The concept of identity is dynamic – it changes all the time. For most of human history, a person's identity consisted of their name, their family relationships and where they lived. Identity had only three or four elements. In the last 100 years, additional elements were added to a person's identity when passports and other identity documents became widely used – closely followed by driver's licences, phone numbers and email addresses.
Identity deception and identity theft are not new – they occurred even in the days before modern computing. Criminals could obtain personal information such as credit card details, phone numbers, bank account numbers and addresses by stealing a wallet or a purse, overhearing a phone conversation, rummaging through rubbish bins, or picking up someone else's receipt. If the criminal had sufficient identity elements, they may be able to use identity deception to make purchases, open new accounts or take out loans.
Over the past 25 years, activity that was once carried out face-to-face has shifted to the Internet. This has led to an explosion of new identity elements as people and businesses interact with minimal physical engagement. The smallest and the largest commercial transactions have shifted online. Digital engagement is now the norm. New identity elements, including passwords, user IDs, email addresses, one-time passwords (OTPs), and biometrics such as fingerprints and facial recognition, create new opportunities for criminals.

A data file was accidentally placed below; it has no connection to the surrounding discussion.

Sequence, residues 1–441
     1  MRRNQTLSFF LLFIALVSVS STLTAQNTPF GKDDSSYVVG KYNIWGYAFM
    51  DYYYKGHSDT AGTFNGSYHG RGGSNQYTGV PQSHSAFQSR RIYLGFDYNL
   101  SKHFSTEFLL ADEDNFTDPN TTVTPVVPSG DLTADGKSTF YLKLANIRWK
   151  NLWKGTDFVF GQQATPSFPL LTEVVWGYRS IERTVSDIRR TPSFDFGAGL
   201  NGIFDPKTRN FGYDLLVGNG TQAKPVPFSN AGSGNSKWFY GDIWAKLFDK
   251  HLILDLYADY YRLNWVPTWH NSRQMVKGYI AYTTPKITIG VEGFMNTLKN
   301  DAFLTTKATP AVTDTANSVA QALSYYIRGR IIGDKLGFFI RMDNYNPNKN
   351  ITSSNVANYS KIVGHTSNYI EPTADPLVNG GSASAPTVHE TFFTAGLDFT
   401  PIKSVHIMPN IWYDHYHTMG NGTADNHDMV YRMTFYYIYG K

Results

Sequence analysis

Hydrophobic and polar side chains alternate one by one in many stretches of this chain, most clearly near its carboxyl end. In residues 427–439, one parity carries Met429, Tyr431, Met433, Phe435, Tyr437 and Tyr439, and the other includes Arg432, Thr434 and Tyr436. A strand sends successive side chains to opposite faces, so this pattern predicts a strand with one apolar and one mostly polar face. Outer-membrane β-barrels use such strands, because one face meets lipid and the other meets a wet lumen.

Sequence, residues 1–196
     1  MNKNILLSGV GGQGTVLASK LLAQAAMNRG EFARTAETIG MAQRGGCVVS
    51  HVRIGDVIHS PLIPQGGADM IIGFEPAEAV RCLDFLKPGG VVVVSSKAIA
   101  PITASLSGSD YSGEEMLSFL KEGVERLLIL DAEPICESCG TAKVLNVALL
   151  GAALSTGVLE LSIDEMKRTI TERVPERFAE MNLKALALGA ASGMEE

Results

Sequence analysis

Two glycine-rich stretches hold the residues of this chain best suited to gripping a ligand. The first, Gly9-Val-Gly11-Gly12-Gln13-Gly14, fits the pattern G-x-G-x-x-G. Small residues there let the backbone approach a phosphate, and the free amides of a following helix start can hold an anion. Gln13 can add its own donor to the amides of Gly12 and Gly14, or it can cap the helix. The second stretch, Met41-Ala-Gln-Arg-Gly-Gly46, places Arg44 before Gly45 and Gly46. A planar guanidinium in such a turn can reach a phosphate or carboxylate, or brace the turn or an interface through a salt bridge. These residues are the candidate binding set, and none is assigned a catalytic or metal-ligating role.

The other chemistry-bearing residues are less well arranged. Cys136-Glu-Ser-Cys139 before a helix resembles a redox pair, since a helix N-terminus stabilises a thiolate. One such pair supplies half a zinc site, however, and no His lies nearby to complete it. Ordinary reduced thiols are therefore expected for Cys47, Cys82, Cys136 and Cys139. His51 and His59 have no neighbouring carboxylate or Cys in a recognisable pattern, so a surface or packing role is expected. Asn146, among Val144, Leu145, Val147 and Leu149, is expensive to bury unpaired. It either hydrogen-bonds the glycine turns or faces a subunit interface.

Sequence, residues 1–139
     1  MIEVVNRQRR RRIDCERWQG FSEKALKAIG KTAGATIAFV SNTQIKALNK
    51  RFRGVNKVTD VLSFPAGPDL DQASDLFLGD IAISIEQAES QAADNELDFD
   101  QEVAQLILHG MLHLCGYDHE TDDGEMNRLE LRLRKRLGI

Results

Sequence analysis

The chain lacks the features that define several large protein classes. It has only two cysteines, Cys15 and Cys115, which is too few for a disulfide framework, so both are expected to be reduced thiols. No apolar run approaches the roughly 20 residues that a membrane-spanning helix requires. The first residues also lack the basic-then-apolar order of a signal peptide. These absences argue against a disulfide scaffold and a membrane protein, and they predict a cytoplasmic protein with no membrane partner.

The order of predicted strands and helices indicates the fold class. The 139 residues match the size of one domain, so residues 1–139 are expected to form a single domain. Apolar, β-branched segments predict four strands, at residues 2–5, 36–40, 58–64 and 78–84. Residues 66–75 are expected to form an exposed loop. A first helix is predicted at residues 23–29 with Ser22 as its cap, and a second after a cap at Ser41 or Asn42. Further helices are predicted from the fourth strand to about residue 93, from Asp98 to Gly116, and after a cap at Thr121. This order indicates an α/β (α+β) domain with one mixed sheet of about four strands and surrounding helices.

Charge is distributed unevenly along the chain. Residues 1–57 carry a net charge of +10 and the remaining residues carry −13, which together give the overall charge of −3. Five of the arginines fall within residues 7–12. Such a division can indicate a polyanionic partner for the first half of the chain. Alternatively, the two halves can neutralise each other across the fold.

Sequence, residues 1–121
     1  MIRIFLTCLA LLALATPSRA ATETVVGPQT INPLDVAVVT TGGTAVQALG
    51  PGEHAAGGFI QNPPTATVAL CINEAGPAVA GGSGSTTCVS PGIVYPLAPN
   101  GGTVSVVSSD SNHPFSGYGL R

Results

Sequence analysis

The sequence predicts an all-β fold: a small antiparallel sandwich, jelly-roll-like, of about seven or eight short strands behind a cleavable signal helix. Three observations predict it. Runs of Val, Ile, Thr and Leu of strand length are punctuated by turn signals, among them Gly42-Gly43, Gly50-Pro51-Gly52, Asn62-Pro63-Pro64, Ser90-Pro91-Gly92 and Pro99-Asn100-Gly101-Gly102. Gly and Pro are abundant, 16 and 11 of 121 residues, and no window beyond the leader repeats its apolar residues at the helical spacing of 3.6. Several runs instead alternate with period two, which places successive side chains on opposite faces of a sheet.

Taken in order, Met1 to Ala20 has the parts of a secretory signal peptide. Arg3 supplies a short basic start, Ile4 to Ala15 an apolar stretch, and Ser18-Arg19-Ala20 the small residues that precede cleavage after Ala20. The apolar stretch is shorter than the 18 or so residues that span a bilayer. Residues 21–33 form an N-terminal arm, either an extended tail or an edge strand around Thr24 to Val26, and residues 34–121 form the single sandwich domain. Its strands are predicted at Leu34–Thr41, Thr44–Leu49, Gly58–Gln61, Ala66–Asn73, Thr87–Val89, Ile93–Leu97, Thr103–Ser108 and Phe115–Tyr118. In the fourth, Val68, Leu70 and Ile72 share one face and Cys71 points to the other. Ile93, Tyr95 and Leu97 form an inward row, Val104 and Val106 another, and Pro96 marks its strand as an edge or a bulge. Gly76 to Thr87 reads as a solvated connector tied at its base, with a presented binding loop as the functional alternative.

Digital engagement leads to an explosion of identity elements
Digital engagement and the proliferation of identity elements makes it easier than ever for a bad actor to obtain one or more identity attributes and use these as a platform for stealing an identity or creating a synthetic identity.
Some identity elements can even be purchased on the dark web. Credit card numbers, passport numbers and driver's licence details can be purchased relatively easily, as can sets of user IDs, email addresses and passwords. A fake email address and spoofed domains can be used to deceive people into sharing identity details. Indeed phishing, commonly in the form of email fraud, is proving to be a very successful method for capturing credentials and other core identity elements. Additionally, the frequency and severity of cloud account compromise is on the rise, with an increasing number of organisations utilising Microsoft Office 365 and Google Workspace email to collaborate and communicate. This equips attackers with very powerful and convincing tools to gain a strong foothold inside organisations.